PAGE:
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I tried searching for the disparities between Event-Delegation Model and Event-Inheritance Model but did not find answers concrete enough to distinguish the two.

What is the real differences between these two models, and at what instances are they considered effective solutions?

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Related: stackoverflow.com/questions/1687296/… –  assylias May 8 '12 at 10:51

2 Answers 2

As best I understand, the event inheritance model has the initiator send all messages to all observers. The observer is responsible for deciding which messages apply. The advantage of this model is that multiple observers can process the same message. The disadvantage of this model is that it quickly gets complex when you have lots of initiators and observers.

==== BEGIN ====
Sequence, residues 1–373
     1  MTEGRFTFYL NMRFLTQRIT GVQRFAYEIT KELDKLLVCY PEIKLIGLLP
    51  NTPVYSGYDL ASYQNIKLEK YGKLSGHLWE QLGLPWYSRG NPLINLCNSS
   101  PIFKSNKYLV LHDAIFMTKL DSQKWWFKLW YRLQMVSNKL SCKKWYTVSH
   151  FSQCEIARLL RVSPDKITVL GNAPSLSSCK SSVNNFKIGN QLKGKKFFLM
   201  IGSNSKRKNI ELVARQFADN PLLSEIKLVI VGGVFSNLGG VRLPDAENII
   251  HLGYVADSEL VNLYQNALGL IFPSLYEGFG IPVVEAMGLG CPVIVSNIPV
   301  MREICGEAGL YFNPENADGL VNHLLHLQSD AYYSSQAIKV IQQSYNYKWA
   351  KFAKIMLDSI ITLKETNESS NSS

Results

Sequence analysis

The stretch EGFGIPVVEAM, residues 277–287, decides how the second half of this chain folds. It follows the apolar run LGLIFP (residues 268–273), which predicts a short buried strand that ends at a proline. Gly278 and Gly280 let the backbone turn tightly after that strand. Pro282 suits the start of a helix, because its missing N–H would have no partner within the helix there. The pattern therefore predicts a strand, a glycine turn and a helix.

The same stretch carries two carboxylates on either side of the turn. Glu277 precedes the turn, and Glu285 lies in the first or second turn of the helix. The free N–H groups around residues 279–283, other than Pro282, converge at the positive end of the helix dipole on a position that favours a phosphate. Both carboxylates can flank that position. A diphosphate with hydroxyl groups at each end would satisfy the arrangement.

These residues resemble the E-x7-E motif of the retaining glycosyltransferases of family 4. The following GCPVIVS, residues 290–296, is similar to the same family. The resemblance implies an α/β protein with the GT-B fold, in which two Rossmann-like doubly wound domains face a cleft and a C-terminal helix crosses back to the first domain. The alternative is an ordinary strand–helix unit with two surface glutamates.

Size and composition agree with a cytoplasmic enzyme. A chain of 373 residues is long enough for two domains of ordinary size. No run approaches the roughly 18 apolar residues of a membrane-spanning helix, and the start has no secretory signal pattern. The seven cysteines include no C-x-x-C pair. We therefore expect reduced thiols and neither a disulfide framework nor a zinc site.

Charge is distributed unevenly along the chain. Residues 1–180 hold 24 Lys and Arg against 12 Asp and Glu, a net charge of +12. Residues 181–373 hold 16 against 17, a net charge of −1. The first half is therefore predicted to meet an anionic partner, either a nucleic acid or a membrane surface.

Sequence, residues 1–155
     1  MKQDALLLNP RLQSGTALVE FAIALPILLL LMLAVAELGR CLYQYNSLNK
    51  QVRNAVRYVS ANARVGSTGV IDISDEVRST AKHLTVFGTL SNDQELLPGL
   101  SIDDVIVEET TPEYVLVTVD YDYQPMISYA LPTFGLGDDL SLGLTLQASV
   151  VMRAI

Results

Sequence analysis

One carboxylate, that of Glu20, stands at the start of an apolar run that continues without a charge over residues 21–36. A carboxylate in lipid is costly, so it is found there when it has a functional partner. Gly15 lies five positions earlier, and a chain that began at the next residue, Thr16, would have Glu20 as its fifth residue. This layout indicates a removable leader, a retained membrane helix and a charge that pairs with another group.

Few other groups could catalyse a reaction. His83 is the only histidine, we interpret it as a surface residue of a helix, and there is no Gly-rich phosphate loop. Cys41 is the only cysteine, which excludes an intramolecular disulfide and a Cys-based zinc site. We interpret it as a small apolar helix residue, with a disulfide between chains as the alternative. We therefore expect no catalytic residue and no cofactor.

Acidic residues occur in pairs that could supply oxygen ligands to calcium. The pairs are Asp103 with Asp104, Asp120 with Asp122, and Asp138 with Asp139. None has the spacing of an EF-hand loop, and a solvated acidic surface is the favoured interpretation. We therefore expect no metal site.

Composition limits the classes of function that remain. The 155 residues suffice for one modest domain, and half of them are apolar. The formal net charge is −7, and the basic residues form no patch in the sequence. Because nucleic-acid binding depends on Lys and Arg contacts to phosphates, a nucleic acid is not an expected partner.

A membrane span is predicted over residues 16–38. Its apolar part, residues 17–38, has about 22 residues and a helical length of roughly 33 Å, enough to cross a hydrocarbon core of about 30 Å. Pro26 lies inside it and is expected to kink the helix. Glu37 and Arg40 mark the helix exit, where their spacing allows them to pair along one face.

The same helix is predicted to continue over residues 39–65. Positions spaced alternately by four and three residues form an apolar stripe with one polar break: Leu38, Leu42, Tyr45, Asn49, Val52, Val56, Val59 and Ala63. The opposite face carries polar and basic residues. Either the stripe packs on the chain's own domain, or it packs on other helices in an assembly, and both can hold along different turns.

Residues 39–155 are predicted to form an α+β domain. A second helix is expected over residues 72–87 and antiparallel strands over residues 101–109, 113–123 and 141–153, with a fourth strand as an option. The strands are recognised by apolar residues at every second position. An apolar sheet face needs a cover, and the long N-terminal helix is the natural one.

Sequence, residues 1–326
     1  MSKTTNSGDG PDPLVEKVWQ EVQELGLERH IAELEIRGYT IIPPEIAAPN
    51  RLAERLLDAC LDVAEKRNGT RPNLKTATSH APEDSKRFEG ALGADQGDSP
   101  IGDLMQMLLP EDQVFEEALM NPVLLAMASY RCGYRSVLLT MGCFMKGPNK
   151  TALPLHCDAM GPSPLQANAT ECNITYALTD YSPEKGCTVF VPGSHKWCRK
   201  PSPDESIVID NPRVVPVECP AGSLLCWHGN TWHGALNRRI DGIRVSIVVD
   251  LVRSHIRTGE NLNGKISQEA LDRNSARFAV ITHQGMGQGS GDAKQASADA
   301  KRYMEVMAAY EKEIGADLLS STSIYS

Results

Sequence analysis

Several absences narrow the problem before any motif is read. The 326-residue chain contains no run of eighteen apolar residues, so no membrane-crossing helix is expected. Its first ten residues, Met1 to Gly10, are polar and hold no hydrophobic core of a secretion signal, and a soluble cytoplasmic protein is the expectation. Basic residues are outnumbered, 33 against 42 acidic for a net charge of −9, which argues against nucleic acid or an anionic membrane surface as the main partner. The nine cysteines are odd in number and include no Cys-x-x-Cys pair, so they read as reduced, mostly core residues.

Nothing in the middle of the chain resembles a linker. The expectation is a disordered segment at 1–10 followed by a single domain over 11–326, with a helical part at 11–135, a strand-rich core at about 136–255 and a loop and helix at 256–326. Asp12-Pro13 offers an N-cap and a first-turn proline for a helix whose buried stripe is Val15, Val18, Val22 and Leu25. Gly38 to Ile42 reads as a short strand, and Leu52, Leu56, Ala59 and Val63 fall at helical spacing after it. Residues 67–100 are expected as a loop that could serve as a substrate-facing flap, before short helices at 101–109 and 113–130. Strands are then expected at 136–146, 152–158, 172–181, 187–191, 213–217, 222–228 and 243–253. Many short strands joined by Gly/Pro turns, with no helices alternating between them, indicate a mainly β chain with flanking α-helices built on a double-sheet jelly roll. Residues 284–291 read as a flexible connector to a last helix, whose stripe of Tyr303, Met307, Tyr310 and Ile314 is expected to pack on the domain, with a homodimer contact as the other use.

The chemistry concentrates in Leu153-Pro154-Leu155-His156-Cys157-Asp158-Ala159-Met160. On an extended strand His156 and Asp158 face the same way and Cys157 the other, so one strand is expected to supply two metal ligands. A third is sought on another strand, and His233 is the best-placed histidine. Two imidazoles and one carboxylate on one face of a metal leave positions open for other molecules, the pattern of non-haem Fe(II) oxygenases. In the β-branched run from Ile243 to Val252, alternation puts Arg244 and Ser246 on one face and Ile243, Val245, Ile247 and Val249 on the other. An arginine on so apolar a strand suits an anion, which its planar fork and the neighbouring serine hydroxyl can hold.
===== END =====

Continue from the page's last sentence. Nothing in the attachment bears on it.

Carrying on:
The event delegation model requires observers to register with the initiator. If the initiator has only one registration method, than this is analogous to the event inheritance model. When the initiator has more than one registration method, then the initiator has the ability to send messages to just the observers that need the message. The event delegation model scales better when you have a lot of initiators and a lot of observers.

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Event-delegation model has two advantages over event-inheritance model.

  • It enables event handling by handling the objects other than ones which were generated by the events or their containers. It clearly separates component design and its usage.

  • It performs much better in applications where more events are generated. It is because of the facts that, this model need not process unhandled events repeatedly, which is the case in event-inheritance model

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